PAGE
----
Description
    BACKGROUND
  • [0001]
    The present invention relates generally to fluid jetting tools and, more particularly, to a flow conditioning system and method.
  • [0002]
    Various procedures have been developed and utilized to increase the flow of hydrocarbons from hydrocarbon-containing subterranean formations penetrated by wellbores. For example, a commonly used production stimulation technique involves creating and extending fractures in the subterranean formation to provide flow channels therein through which hydrocarbons flow from the formation to the wellbore. The fractures are created by introducing a fracturing fluid into the formation at a flow rate which exerts a sufficient pressure on the formation to create and extend fractures therein. Solid fracture proppant materials, such as sand, are commonly suspended in the fracturing fluid so that upon introducing the fracturing fluid into the formation and creating and extending fractures therein, the proppant material is carried into the fractures and deposited therein, whereby the fractures are prevented from closing due to subterranean forces when the introduction of the fracturing fluid has ceased.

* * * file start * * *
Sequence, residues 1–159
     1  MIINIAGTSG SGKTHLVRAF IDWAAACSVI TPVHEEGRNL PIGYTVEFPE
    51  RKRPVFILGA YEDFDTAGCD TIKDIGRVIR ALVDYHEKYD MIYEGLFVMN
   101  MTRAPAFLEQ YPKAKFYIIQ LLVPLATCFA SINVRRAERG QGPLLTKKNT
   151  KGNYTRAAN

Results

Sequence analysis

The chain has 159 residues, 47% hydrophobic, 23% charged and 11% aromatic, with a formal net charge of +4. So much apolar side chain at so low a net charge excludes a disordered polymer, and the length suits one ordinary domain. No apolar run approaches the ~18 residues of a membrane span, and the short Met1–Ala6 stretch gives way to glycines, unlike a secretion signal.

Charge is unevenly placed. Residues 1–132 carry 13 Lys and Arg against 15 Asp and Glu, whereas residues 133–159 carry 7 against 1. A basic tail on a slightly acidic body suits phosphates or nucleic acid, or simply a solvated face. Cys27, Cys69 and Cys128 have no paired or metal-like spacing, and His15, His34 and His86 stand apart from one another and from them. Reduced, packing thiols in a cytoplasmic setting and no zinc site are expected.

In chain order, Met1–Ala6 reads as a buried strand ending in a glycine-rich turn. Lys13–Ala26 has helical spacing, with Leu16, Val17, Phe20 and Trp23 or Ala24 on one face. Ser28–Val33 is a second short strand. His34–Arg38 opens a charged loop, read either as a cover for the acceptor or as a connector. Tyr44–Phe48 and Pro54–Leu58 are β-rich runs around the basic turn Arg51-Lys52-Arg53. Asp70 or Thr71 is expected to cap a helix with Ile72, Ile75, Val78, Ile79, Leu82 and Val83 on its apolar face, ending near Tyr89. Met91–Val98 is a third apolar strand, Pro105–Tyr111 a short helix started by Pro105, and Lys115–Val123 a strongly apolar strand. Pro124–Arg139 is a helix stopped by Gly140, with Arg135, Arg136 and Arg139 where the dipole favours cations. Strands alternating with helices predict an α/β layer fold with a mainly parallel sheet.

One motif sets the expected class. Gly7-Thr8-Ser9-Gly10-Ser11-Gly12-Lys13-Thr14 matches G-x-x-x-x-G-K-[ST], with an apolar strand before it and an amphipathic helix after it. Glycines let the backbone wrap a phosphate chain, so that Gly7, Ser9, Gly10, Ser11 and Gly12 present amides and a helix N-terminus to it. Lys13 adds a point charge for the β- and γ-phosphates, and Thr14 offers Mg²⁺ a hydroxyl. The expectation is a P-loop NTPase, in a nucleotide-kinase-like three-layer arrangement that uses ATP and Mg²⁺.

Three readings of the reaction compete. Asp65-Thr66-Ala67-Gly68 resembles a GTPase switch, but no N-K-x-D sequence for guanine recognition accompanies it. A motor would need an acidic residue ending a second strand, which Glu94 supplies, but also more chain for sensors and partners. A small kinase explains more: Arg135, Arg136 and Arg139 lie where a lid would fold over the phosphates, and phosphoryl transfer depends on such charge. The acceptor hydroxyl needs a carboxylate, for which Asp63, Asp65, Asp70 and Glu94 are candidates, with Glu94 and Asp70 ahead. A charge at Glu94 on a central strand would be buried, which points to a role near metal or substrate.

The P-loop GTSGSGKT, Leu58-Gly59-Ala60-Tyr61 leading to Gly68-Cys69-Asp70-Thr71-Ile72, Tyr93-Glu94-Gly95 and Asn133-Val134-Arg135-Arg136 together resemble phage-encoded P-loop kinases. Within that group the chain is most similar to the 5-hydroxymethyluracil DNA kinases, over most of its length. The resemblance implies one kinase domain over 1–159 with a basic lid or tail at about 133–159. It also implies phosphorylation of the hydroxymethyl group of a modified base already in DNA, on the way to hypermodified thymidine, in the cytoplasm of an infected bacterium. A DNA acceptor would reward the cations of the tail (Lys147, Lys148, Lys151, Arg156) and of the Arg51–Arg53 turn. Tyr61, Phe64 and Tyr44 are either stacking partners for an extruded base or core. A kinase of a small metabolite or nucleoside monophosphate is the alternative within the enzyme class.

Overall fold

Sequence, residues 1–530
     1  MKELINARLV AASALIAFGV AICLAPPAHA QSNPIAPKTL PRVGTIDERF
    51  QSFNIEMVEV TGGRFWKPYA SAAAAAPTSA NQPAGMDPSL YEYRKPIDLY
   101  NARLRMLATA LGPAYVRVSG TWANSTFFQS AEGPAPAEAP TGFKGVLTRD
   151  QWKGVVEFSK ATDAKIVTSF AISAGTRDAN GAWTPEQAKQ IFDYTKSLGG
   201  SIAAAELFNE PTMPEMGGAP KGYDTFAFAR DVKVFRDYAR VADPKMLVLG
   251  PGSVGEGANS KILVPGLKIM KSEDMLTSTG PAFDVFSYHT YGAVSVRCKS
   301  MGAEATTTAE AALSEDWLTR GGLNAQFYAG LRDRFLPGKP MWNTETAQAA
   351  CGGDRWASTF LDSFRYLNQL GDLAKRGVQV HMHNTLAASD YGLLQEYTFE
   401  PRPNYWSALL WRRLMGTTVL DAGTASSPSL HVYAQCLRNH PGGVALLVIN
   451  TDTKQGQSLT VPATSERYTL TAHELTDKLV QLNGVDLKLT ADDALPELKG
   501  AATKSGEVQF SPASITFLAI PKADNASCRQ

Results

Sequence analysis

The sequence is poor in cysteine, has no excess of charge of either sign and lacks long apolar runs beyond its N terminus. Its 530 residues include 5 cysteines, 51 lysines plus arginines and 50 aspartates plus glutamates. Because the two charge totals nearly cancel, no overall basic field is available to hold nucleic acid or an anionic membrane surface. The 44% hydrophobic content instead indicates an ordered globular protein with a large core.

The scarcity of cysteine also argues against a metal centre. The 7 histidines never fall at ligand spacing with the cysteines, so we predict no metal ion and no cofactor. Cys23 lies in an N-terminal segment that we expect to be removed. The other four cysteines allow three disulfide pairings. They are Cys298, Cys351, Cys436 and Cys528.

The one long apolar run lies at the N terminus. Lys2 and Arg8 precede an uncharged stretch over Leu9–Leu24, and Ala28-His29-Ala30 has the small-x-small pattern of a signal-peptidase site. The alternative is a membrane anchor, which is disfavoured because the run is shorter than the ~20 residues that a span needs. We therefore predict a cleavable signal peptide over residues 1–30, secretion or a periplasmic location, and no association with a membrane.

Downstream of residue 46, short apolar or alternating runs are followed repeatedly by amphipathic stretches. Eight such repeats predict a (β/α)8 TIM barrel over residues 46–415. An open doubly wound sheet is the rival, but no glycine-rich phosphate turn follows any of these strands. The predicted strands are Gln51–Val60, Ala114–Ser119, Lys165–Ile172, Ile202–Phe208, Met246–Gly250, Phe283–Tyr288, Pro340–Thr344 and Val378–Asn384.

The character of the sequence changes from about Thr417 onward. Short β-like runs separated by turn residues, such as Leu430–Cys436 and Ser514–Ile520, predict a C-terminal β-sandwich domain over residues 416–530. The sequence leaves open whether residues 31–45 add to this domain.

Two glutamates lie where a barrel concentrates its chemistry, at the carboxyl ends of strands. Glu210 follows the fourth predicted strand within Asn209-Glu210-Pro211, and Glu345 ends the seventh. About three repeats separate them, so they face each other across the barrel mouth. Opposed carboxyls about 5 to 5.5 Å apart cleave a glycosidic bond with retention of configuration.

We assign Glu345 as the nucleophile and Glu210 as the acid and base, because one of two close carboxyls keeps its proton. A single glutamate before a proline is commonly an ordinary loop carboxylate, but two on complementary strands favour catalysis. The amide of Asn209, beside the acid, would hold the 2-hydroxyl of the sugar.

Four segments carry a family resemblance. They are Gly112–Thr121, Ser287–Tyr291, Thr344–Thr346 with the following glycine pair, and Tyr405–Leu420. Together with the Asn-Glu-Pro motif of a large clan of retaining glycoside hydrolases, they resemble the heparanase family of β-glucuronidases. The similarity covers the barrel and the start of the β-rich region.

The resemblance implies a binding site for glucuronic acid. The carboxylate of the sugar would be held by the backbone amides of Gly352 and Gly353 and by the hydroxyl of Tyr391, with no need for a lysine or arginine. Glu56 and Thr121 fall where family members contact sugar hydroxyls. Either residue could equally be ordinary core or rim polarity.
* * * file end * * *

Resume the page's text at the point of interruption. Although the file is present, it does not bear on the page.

• [0003]
    In such formation fracturing procedures, hydraulic fracturing tools use high-pressure fluid directed through relatively small diameter nozzles to obtain the desired result. This high pressure fluid, when turning the corner, may create a large coriolis spin or turbulence before entering the jet nozzle.
  • SUMMARY